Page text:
Opinion: Are Campus Police Impeding or Improving School Safety’s Progress?

Relying solely on police to address school safety challenges is best explained by the old adage: “When you are a hammer, everything looks like a nail.”
Published: October 19, 2022

As a retired officer who began his career just before the homicidal attack at Columbine High School and spent time as a school resource officer (SRO) in addition to raising several children, I can attest that school safety has long been a subject of concern to educators. However concerning it has been, little progress has been made over the last 25 years, leaving one to ask, “Why?”

After the 2018 Parkland rampage at Marjorie Stoneman-Douglas High School (MSDHS), while I had three of my own children still in school (and two in high school), I looked into school safety with renewed passion. I was struck by the difference that 20 years had made in law enforcement training and response to active violence while the school response at MSDHS seemed largely unchanged. Connecting with others – teachers, administrators, researchers, counselors, veterans and law enforcement officers who saw the need to help our schools protect our children – we read, discussed and proposed many ideas, yet kept coming back to the need for a more comprehensive package (which I will discuss in more detail later in this article), rather than the physical measures that were being widely adopted.

At the same time, as before and since, educators across the country were also looking to improve school safety. As they were not experts in safety, some sought degrees themselves, some resigned over the struggles, and most, trusting the police they knew locally, turned to them for answers.

Police officers are the first to respond to most of the worst incidents in life, and homicidal attacks are no exception to that. Thus, they are the natural choice for advice as the most knowledgeable in how a response will occur. Law enforcement also has an understanding of security from dealing with prisoner detention and break-ins. The problem with turning to police for the resolution of school safety is best explained by using an old adage: “When you are a hammer, everything looks like a nail.”

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We Must Adopt a Comprehensive Approach to School Safety Planning

As a former police officer, I was no exception to this approach and mindset. When I first started looking at school safety, my response was: put an armed, tactically trained individual, solely responsible for countering violence, in every school. Why? Because that is what I knew.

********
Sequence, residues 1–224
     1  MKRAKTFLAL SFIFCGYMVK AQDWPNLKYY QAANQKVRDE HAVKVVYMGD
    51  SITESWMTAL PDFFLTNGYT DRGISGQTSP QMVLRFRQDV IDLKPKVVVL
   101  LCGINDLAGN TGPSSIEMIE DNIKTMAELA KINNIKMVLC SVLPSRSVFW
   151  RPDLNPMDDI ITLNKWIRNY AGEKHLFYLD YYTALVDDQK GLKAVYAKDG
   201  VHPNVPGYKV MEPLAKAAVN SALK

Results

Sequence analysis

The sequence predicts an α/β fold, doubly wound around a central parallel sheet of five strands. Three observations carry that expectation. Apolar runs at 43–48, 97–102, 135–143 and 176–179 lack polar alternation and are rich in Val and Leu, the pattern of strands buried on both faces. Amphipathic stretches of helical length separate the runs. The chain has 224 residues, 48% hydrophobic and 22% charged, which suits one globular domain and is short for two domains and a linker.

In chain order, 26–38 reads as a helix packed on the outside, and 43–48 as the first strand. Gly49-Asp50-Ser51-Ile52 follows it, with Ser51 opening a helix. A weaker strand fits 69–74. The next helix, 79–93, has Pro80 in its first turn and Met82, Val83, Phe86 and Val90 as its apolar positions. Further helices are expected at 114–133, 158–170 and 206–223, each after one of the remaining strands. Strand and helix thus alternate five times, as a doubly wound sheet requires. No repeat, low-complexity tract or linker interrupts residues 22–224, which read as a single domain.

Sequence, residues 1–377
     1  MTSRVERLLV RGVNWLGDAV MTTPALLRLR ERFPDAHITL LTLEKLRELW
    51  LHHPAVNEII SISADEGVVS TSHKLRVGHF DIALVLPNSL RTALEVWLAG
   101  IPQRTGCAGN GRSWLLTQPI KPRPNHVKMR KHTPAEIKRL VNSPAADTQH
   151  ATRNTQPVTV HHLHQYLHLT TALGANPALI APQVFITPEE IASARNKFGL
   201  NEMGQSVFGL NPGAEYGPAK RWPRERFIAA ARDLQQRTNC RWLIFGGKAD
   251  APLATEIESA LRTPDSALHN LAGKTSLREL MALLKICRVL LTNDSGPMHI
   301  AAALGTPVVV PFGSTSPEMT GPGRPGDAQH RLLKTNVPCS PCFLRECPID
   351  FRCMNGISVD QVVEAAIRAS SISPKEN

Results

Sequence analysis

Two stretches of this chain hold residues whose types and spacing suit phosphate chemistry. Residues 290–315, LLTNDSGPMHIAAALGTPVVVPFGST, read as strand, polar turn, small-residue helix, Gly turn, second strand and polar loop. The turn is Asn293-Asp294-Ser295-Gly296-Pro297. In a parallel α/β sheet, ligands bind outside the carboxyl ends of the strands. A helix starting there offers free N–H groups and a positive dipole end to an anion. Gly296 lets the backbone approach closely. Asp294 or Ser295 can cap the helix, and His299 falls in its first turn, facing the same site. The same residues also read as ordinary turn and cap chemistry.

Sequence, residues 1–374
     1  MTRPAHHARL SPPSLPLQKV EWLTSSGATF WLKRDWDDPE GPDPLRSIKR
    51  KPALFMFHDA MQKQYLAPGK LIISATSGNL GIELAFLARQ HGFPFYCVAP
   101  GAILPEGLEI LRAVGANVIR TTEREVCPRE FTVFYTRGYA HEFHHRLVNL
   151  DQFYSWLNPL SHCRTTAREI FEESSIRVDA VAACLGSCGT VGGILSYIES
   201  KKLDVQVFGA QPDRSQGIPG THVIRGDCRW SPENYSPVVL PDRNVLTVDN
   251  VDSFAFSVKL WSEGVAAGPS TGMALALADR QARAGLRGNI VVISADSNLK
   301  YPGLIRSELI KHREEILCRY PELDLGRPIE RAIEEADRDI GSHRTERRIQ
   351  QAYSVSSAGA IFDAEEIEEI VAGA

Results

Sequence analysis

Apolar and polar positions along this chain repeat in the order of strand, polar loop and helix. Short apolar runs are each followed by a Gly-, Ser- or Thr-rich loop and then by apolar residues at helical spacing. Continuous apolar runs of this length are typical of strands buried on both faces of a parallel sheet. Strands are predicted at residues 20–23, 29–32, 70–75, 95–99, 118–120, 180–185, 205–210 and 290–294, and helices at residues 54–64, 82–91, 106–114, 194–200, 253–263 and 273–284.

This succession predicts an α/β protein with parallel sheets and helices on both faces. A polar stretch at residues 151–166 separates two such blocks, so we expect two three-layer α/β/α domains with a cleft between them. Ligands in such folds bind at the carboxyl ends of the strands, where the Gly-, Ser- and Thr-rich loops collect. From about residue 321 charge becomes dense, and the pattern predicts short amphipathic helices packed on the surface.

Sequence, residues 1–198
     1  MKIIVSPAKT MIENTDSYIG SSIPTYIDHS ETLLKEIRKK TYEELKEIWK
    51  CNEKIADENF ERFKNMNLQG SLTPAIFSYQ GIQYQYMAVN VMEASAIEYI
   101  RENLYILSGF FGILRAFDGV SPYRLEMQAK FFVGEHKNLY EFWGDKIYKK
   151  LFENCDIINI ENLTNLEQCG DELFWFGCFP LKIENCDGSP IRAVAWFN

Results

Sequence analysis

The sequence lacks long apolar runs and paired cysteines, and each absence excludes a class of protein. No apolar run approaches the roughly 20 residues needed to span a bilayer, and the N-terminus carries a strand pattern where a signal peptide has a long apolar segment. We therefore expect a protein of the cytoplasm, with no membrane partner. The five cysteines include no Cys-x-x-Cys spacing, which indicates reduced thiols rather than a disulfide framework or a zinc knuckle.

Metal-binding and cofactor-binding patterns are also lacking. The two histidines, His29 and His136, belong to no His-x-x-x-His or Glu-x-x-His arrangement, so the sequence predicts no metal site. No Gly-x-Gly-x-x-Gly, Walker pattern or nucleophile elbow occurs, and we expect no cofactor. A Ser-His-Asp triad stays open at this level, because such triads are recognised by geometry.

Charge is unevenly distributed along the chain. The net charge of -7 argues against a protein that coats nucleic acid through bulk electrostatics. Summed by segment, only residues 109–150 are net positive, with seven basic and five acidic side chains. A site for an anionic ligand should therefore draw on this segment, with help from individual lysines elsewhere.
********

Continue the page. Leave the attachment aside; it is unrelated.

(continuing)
I still believe that would be helpful, but as more recent incidents have shown us, law enforcement in schools does not prevent attacks from occurring. I have changed my concept of a solution because I have changed what I know about the problem.

The formula to school safety is very complex – as is the dilemma. Counter to what physical security companies and their experts tout, without instituting militaristic measures and monies to scale, the answer to school safety cannot be physical. Instead, the solution will actually improve the education process by considering the whole-child, indeed, by considering the whole-school: Comprehensive School Safety Planning.

The solution I alluded to earlier is to look across each district and adopt Comprehensive School Safety Planning measures befitting community ideals, prioritizing them not through target hardening (security measures turning schools into fortresses) but through overall student wellness. This means physical security improvements combined with procedural adaptations, training to go with them and most importantly, improvements in information collection to provide assistance and acceptance to students more readily.

School Physical Security Solutions Have Their Limits and Challenges

This highlights the problem when turning to police officers to solve the school safety problem. Police perform a “security check” at the school, sometimes calling it a “risk assessment” or even using the term “vulnerability assessment,” a more educated term for what should be done, but usually inappropriate for the task that is completed (one that I myself have performed, I admit).  After doing this physical security assessment, police then propose increased physical security measures. The educators and public, not versed in either the problem nor its root causes, see a proposed change with tangible implements and so they buy in.